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UBC Theses and Dissertations

Oil flow in the oilwell tube annulus of vertical bearing assemblies Piao, Yinghu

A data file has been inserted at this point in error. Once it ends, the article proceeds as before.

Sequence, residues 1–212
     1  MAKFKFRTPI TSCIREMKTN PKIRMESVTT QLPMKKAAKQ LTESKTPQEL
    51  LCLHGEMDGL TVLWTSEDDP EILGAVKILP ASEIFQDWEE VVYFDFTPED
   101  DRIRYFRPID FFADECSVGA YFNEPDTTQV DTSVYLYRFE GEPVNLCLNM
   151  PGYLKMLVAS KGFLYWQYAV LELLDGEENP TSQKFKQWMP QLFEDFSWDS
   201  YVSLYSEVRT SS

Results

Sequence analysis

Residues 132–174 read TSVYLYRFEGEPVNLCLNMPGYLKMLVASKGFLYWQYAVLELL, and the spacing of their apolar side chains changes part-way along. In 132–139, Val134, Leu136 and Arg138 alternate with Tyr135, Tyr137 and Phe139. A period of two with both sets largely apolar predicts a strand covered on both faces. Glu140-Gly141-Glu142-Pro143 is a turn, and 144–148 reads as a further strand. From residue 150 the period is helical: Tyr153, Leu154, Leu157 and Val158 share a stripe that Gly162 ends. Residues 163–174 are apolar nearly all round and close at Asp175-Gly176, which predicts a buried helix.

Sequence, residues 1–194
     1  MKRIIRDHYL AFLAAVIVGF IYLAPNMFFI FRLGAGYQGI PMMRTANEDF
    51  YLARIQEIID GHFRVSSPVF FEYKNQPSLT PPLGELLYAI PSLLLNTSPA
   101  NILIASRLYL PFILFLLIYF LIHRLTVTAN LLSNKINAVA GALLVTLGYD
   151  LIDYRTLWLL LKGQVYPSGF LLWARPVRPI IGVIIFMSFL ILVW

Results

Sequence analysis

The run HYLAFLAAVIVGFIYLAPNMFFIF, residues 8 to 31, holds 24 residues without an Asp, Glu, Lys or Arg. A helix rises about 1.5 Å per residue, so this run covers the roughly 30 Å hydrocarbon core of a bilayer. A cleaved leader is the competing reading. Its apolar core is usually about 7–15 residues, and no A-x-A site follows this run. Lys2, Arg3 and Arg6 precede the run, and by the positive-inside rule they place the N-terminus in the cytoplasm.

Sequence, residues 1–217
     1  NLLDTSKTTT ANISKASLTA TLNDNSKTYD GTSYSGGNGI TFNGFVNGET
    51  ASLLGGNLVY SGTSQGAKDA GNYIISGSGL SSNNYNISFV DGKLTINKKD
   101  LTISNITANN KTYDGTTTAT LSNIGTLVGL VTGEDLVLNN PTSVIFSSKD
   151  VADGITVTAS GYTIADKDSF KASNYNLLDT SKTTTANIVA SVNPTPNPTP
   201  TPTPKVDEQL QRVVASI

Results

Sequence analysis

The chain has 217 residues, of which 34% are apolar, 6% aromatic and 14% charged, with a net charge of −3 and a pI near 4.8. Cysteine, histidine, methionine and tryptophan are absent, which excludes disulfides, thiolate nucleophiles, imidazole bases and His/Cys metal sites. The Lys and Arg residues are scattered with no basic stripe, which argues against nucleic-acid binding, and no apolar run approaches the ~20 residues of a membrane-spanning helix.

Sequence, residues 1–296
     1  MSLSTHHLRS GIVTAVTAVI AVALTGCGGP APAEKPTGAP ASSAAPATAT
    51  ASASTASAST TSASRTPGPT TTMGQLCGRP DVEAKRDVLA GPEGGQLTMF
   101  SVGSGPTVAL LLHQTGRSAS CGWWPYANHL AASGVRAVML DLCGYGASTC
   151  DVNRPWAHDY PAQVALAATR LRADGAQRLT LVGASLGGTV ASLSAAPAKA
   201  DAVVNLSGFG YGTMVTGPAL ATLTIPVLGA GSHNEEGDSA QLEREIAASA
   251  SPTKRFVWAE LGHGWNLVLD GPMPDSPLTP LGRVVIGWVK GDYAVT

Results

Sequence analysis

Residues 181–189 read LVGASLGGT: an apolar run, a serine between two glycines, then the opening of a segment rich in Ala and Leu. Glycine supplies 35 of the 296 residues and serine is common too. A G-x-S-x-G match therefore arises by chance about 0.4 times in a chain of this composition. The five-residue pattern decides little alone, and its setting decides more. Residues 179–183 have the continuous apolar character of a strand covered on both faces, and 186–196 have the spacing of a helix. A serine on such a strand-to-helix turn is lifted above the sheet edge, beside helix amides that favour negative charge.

Oil leakage from the oilwell tube annulus of self-contained vertical bearing assemblies has been of practical industrial concern for many years. Earlier observations of bearing behavior indicated that this leakage was associated with the complicated physical processes that describe the flow of oil in the bearing's reservoir. In this latest study, we seek to obtain a better understanding of this oil flow, particularly in the annular clearance space surrounding the oilwell tube. This will be done by means of numerical simulation and experimental flow visualization. A test rig was designed and built for the purpose of simulating the bearing's oilwell tube annulus. A major feature of this rig was to provide visual access to the annular clearance space, and also to the region beneath the rotating runner where strong secondary flow effects are known to exist. A light sheet visualization technique, using micro air bubbles as the tracer, was the primary method for tracing the secondary flow pathlines. In particular, the effect of runner speed on these pathlines was investigated. Appearances of the air bubbles in the light sheet (radial-axial plane) were timed and analyzed in order to quantitatively examine the velocity of the oil flow, and to compare the experimental results with numerical data. The oilwell tube has an axisymmetric geometry. Accordingly, a three dimensional CFD code for laminar, axisymmetric flow with a free surface (A3D-CFD code) was developed for the purpose of analyzing the flows in the oilwell tube. This code was verified using results from the experimental study, and also using data obtained from classical analytical studies of free surface shapes, velocity distributions and flow patterns. The experimental and analytical data were in good agreement with the computational results. Using the A3D-CFD code, oil flow patterns in the oilwell tube annulus of the test rig were computed. This study showed that the primary (circumferential) swirling flow was well stratified inside the oilwell tube annulus, while a strong secondary flow beneath the runner was in the form of a vortex. The strength of this secondary vortex (in terms of the local secondary flow vorticity ω[sub θϲ] at the core of the secondary vortex) was also studied. The non-dimensional vorticity (ω[sub θϲ]/ω[sub R]) was correlated with the Reynolds number (ReR). A numerical technique was developed for the purpose of tracing micro air bubbles in the oil flow field computed from the A3D-CFD code. By considering buoyancy effects due to the gravitational and centrifugal forces, the pathline of an air bubble was determined. Various parameters that affect the path of the air bubble, such as bubble size, oil viscosity and runner speed, were included in this study. The computed pathlines of the air bubble were in reasonably good agreement with the experimental results.

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